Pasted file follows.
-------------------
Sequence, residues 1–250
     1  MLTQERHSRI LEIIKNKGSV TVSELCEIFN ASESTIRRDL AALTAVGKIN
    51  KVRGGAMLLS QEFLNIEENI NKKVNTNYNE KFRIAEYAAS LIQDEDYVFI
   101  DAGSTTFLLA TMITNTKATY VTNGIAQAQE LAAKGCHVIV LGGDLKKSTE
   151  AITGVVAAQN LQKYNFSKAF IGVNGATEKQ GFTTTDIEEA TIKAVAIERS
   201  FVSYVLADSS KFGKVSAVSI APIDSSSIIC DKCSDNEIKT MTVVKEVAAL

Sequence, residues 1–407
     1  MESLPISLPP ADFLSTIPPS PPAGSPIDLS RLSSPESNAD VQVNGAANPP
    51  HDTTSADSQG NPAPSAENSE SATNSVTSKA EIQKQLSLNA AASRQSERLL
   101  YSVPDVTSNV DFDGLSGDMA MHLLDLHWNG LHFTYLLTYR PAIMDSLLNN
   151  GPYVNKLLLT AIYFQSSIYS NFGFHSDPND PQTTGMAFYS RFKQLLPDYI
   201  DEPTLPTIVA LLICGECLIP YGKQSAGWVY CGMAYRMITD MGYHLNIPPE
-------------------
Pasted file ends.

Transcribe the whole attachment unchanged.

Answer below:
Sequence, residues 1–250
     1  MLTQERHSRI LEIIKNKGSV TVSELCEIFN ASESTIRRDL AALTAVGKIN
    51  KVRGGAMLLS QEFLNIEENI NKKVNTNYNE KFRIAEYAAS LIQDEDYVFI
   101  DAGSTTFLLA TMITNTKATY VTNGIAQAQE LAAKGCHVIV LGGDLKKSTE
   151  AITGVVAAQN LQKYNFSKAF IGVNGATEKQ GFTTTDIEEA TIKAVAIERS
   201  FVSYVLADSS KFGKVSAVSI APIDSSSIIC DKCSDNEIKT MTVVKEVAAL

Sequence, residues 1–407
     1  MESLPISLPP ADFLSTIPPS PPAGSPIDLS RLSSPESNAD VQVNGAANPP
    51  HDTTSADSQG NPAPSAENSE SATNSVTSKA EIQKQLSLNA AASRQSERLL
   101  YSVPDVTSNV DFDGLSGDMA MHLLDLHWNG LHFTYLLTYR PAIMDSLLNN
   151  GPYVNKLLLT AIYFQSSIYS NFGFHSDPND PQTTGMAFYS RFKQLLPDYI
   201  DEPTLPTIVA LLICGECLIP YGKQSAGWVY CGMAYRMITD MGYHLNIPPE